The microfiber material is impressive as it doesn’t crease like leather and stays springy. The inner foam seems to have not lost any of its integrity, either, as the material forms back into its base shape easily and knowing how it feels from a lot of bag work.

I would recommend these gloves as a great starter or beginner pair. They are also an affordable option for anyone who just wants a second pair of gloves just for sparring, as these fit the bill for it.

In buying the BGV14 gloves you’re getting a good quality, long-lasting (with care) pair of gloves suitable for both Boxing and Muay Thai. They also are coming from a very well-respected, well-reviewed, brand in Fairtex so you can be confident about what you’re getting.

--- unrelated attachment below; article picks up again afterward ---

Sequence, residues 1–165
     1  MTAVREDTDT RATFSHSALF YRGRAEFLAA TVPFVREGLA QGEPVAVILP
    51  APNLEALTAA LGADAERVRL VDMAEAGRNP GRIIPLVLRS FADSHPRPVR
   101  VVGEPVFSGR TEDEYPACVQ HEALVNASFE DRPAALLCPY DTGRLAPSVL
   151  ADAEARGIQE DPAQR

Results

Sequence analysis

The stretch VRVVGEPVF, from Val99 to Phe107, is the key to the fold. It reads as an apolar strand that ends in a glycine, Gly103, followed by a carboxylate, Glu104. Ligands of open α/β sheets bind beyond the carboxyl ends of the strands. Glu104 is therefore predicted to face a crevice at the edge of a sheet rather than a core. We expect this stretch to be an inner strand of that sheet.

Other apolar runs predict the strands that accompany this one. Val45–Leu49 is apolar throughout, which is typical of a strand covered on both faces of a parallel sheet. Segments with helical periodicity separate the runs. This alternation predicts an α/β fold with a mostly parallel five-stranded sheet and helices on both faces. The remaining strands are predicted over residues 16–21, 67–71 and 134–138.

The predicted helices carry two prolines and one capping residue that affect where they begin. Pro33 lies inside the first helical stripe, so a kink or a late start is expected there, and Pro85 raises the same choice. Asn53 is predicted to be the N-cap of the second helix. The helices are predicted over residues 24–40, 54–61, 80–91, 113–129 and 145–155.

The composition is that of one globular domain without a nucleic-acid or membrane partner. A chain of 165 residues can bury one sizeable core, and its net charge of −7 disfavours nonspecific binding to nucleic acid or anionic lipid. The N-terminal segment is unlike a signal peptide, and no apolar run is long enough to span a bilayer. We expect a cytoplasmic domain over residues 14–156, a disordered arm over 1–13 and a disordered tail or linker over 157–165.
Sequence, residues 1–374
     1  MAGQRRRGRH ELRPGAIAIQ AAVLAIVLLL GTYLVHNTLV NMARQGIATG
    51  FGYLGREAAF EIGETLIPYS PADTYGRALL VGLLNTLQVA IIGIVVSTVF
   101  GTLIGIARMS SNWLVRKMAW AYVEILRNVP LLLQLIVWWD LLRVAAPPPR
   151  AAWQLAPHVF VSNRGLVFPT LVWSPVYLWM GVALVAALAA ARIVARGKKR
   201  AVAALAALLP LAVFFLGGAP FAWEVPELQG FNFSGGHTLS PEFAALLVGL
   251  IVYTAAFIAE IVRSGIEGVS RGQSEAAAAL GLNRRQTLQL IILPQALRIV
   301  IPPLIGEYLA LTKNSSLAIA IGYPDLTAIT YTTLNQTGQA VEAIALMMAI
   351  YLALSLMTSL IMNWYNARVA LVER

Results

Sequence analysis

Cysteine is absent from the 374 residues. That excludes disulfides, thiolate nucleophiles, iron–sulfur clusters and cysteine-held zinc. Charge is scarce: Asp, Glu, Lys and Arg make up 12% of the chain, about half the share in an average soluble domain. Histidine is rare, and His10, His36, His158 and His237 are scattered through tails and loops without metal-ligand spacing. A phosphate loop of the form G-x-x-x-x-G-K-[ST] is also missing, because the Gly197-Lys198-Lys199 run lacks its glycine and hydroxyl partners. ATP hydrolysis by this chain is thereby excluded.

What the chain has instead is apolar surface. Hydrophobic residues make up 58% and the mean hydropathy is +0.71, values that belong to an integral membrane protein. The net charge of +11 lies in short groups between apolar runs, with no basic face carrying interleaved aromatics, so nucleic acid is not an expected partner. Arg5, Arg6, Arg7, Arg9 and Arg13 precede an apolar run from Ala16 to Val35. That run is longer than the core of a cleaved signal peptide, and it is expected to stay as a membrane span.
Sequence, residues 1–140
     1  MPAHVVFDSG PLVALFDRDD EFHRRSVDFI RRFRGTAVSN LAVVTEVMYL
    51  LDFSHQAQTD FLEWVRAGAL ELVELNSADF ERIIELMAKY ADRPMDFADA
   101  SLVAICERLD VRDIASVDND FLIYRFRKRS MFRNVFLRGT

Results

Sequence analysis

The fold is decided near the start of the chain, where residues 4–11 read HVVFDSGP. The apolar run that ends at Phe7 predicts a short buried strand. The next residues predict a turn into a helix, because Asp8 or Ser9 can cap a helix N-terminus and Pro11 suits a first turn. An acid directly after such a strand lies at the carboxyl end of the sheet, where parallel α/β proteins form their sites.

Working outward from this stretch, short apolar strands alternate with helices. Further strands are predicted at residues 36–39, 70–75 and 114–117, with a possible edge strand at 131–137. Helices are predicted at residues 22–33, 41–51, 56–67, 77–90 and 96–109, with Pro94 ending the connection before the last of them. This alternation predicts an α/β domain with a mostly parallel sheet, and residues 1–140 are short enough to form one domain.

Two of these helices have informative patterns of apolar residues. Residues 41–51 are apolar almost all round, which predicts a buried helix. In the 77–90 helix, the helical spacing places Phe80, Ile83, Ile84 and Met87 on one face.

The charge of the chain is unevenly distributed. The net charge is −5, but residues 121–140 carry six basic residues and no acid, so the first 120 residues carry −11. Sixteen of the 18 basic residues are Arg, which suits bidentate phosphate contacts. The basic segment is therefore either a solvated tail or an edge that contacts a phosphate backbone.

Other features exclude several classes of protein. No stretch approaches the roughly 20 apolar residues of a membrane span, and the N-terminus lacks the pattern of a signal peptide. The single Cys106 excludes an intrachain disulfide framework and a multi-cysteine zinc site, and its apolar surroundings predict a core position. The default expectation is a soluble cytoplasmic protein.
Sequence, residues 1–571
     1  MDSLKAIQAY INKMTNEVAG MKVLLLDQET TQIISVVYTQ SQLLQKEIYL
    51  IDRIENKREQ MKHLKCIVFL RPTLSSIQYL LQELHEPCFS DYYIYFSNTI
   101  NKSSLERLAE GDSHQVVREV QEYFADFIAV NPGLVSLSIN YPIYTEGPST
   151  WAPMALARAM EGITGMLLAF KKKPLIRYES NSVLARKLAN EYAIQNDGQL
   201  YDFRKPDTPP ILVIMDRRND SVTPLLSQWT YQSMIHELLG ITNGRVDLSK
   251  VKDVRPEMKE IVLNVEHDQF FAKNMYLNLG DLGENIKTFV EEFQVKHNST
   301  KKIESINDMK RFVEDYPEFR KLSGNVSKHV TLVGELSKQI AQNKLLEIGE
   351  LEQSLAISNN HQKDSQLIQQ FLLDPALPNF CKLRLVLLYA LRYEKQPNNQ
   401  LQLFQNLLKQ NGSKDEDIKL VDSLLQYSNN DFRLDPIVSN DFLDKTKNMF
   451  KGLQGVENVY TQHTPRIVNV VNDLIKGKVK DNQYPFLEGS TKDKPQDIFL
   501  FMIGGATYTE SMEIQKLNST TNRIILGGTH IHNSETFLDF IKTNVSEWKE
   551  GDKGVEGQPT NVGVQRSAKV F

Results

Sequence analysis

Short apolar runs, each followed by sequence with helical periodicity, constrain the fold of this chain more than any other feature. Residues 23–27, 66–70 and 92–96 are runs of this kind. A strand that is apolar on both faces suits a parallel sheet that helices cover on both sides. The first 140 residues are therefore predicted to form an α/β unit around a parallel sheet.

Where to buy the Fairtex BGV14 boxing gloves

I bought my Fairtex BGV14 gloves from my local MMA gym. You can ask what your local gym or sports store has available, many in the USA and globally will stock Fairtex gloves. Or you can get speedy delivery by buying online, like through Amazon.

The gloves I personally own and reviewed in this article are the Solid Black version. I like to think that I look Batman-Esque wearing them:

But Fairtex gloves are never limited by style as they usually come with lots of color options, and this same glove is no different as it comes in a variety of colors:

Fairtex Gloves Color Options

Whatever style you’re into, there’s a variety of options.

About the Author

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Joe Bloom is the lead author and editor of MMA Hive. Joe is a passionate mixed martial artist in training, having studied Boxing, Muay Thai, and BJJ at BaliMMA and Soma Fight Club.